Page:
To conclude, Sentiment Analysis (SA) is the process of mining meaningful patterns from text data. These patterns include interpretation and classifying emotions (positive, negative, and neutral) within text data using text analysis techniques. Several approaches are used in the SA task, including rule-based and automatic approaches. The first approach uses a set of human-designed rules to help identify subjectivity, polarity, or the subject of an opinion. In contrast, the second one doesn’t rely on manually crafted rules but Machine Learning techniques. Finally, there are many factors affecting the performance of a SA system, such as Contextual understanding, Sentiment Ambiguity, Sarcasm, and Comparatives. Recently, research focused on reducing these challenges’ negative impact on the SA systems’ performance.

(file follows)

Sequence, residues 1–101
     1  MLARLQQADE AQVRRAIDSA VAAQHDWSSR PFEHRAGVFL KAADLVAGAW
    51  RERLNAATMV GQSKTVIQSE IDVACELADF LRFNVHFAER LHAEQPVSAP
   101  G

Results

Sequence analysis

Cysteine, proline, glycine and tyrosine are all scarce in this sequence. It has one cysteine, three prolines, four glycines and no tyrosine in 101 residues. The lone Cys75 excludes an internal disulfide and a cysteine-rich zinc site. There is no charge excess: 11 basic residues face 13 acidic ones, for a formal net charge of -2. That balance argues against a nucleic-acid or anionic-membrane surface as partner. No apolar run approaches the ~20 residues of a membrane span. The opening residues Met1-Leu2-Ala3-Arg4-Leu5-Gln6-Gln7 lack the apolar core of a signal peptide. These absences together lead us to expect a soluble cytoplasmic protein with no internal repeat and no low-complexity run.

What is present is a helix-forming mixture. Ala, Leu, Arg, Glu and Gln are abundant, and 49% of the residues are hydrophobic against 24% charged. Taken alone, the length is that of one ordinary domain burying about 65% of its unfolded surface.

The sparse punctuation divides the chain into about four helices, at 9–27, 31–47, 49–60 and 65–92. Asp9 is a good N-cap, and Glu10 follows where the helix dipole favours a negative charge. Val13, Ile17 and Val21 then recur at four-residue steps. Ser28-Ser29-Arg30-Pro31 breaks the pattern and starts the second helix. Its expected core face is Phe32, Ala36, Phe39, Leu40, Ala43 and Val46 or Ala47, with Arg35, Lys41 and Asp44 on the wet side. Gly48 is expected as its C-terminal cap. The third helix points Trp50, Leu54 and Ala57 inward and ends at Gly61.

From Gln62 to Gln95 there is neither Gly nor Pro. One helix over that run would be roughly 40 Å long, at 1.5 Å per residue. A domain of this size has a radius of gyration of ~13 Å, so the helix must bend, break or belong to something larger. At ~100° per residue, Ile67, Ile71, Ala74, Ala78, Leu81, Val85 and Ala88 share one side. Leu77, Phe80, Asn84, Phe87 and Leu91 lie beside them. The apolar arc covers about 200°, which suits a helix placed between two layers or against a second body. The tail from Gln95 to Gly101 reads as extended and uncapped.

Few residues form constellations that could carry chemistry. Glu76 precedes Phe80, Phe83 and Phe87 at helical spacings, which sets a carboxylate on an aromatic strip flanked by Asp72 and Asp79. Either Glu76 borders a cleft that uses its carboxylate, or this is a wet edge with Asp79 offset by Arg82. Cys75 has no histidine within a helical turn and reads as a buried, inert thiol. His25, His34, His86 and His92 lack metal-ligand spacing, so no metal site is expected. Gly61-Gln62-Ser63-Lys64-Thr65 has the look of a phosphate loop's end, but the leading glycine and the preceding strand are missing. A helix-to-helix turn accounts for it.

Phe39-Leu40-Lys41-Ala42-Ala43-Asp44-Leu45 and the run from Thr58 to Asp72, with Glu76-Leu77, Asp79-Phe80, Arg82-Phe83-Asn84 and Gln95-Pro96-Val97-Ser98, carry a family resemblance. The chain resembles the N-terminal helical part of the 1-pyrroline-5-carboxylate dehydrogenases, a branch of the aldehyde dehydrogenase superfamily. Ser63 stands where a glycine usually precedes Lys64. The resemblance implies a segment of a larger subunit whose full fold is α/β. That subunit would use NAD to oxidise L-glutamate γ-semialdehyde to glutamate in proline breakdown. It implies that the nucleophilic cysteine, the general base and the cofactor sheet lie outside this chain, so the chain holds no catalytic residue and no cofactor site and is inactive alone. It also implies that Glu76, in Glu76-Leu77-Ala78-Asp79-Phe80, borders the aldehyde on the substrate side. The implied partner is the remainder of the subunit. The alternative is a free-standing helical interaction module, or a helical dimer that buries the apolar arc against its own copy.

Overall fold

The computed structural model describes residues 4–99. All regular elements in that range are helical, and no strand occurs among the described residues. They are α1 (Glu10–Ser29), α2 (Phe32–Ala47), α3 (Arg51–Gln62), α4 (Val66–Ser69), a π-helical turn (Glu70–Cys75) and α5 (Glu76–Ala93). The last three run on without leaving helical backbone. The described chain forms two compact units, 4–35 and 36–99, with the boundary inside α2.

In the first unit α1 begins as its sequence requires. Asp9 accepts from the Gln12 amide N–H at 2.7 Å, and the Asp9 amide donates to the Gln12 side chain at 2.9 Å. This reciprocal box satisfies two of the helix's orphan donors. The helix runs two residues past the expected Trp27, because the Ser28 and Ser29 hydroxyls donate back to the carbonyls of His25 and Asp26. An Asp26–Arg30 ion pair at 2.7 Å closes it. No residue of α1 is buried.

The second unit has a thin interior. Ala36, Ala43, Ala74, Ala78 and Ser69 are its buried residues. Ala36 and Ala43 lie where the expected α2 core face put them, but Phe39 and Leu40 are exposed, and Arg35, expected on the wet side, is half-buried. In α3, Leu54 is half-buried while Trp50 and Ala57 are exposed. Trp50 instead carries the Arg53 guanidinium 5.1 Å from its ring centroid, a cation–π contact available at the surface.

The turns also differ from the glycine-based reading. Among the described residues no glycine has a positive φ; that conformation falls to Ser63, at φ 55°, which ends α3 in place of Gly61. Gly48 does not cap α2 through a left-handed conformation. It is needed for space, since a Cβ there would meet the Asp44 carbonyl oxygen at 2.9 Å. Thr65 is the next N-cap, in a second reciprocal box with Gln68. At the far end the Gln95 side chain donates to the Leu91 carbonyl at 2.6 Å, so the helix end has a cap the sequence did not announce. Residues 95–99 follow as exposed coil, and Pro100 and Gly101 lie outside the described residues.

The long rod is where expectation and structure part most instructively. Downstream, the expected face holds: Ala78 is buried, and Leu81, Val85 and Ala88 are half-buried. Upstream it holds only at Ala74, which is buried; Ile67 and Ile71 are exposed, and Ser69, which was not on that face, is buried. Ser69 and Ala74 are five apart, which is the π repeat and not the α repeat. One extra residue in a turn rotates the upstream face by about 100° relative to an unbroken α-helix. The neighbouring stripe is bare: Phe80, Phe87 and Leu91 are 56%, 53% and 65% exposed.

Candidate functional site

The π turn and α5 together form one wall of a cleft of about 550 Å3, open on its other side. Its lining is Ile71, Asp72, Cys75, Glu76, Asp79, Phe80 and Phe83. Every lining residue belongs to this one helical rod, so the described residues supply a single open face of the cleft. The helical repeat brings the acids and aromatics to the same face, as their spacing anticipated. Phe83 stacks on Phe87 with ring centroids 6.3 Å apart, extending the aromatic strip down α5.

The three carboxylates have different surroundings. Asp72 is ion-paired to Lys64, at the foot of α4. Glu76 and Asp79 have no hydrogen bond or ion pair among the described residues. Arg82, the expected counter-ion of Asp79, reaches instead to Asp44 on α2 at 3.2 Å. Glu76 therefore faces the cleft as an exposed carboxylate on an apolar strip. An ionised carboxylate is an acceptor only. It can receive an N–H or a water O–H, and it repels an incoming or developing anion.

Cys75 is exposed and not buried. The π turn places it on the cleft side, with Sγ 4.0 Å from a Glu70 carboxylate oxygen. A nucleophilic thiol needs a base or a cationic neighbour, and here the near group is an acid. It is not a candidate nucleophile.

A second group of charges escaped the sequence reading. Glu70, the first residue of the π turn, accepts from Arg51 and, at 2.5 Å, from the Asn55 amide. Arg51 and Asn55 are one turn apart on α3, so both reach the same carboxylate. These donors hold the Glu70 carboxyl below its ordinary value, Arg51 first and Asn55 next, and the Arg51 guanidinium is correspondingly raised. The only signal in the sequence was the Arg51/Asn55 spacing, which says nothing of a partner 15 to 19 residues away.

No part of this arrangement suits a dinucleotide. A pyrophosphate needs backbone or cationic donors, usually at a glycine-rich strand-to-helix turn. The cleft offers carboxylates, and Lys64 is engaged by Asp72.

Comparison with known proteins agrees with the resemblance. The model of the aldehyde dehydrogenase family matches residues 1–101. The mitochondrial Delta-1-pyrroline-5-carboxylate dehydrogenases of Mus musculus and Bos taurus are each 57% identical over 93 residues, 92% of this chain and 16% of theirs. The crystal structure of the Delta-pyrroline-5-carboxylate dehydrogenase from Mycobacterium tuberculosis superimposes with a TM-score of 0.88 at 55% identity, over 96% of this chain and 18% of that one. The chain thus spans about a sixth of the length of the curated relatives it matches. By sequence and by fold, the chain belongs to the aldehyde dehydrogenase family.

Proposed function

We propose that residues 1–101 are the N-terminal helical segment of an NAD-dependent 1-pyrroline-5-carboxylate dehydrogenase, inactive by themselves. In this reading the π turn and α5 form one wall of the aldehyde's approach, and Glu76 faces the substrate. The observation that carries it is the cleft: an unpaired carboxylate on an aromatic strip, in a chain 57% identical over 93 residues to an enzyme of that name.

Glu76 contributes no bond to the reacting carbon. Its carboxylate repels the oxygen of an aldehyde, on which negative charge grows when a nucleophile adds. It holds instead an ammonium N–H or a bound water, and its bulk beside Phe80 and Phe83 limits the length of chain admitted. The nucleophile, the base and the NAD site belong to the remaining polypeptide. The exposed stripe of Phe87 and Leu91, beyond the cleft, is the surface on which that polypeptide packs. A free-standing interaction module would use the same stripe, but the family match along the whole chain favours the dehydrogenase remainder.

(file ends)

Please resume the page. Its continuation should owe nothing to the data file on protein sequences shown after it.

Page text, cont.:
Sources & Links
- Yue, L., Chen, W., Li, X., Zuo, W., Yin, M., A survey of sentiment analysis in social media algorithms, Knowledge and Information Systems, 2018.
- Al-Amrani, Y., Lazaar, M., Elkadiri, K., Sentiment Analysis using supervised classification, Association for Computing Machinery, 2017.
- MonkeyLearn, Sentiment Analysis: A Definitive Guide
- P. Rao, Fine-grained Sentiment Analysis in Python (Part 1), 2019
- S. Meena, Your Guide to Sentiment Analysis, Medium.com, 2019
- Sentiment Analysis, Part I